The Island of Hawaii, better known as Big Island, is indeed the biggest of all the Hawaiian Islands. In fact, with an area of 4,028 square miles (10,430 sq km), it is in fact bigger than all the Hawaiian Islands put together and is the largest single island in the USA.
Famous for its monster surf, beautiful coastlines and geological extremities, the island has a huge amount to offer for the green traveller looking to witness some of nature’s most impressive and unforgiving terrains.
Native Hawaiians have practiced what we would now call sustainable living for millennia. Their fishing, farming, planting, aquaculture and methods of food sustainability and use of ahupuaa (contiguous land divisions which extended from the uplands to the sea) are widely regarded as the most efficient in the Pacific. If you want to eat somewhere that still maintains and applies these environmentally sound practices, then Merriman’s Restaurant is an absolute must. It uses only the freshest island ingredients: cattle raised on the islands’ upland pastures, fruits and vegetables grown from volcanic soil, and fish from one of the best managed fisheries around.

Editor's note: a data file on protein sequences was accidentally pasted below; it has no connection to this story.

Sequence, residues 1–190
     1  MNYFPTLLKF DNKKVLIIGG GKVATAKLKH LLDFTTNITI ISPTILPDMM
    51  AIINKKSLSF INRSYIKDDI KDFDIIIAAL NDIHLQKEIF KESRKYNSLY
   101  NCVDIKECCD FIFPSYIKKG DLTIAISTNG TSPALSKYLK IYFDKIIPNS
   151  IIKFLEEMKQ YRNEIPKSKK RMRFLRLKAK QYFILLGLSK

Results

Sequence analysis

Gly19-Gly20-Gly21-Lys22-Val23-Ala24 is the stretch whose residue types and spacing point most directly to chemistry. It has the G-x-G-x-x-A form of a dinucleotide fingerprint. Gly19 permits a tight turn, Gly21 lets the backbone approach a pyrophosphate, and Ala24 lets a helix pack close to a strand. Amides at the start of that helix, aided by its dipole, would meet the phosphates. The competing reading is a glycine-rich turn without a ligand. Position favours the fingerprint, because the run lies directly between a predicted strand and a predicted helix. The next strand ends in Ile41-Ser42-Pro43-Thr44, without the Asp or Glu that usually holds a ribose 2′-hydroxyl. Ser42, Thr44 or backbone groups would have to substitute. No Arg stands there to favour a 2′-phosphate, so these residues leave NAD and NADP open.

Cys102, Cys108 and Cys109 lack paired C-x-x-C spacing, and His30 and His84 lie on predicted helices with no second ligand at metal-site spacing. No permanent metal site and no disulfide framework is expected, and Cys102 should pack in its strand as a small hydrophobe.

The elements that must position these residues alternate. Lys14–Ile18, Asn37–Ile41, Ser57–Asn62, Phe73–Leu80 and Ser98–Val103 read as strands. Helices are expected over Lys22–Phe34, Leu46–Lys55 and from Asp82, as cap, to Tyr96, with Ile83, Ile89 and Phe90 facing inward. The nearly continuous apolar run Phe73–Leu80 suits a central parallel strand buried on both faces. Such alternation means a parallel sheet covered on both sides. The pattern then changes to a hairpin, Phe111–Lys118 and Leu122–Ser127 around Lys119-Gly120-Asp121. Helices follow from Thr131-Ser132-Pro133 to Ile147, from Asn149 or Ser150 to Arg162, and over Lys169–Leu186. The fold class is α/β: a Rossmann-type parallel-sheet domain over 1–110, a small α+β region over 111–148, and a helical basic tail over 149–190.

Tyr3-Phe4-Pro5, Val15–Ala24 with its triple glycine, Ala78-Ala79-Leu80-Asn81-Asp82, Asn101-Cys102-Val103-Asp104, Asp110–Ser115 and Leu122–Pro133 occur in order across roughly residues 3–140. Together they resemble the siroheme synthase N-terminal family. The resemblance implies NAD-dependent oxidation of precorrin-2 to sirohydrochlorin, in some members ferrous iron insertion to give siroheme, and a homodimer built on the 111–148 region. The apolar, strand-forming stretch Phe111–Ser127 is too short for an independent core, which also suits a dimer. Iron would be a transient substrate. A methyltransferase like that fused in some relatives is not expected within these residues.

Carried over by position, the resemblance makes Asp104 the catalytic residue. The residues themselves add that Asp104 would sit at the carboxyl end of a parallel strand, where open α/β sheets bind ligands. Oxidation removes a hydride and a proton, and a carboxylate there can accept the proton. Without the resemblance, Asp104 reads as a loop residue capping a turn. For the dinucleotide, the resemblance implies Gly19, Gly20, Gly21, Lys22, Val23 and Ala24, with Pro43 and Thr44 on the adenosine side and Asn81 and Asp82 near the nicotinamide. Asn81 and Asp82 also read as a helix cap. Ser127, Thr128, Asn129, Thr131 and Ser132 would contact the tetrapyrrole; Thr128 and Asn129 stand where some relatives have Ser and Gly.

You will also want to take a tour of the UNESCO World Heritage Site Hawaii Volcanoes National Park. Being one of the most active volcanoes on the planet, it is a sacred place for native Hawaiians, and a chance to see Mother Earth at her most burning and beastly. gohawaii.com offer tours of the park, Kilauea Visitor Centre and museums and can be booked all year round.
When looking for a place to stay, then there is a lot to choose from for the committed ecotourist. But I would recommend checking out the Volcano Guest House, which is situated within walking distance from the National Park, and boasts solar energy, its own 6 acres of nature trails, and use of recycled and local materials in all of its rooms as key features. This is affordable ecotourism with sustainable lodging experience since 1986. As its website says, it is ‘The Real Green!’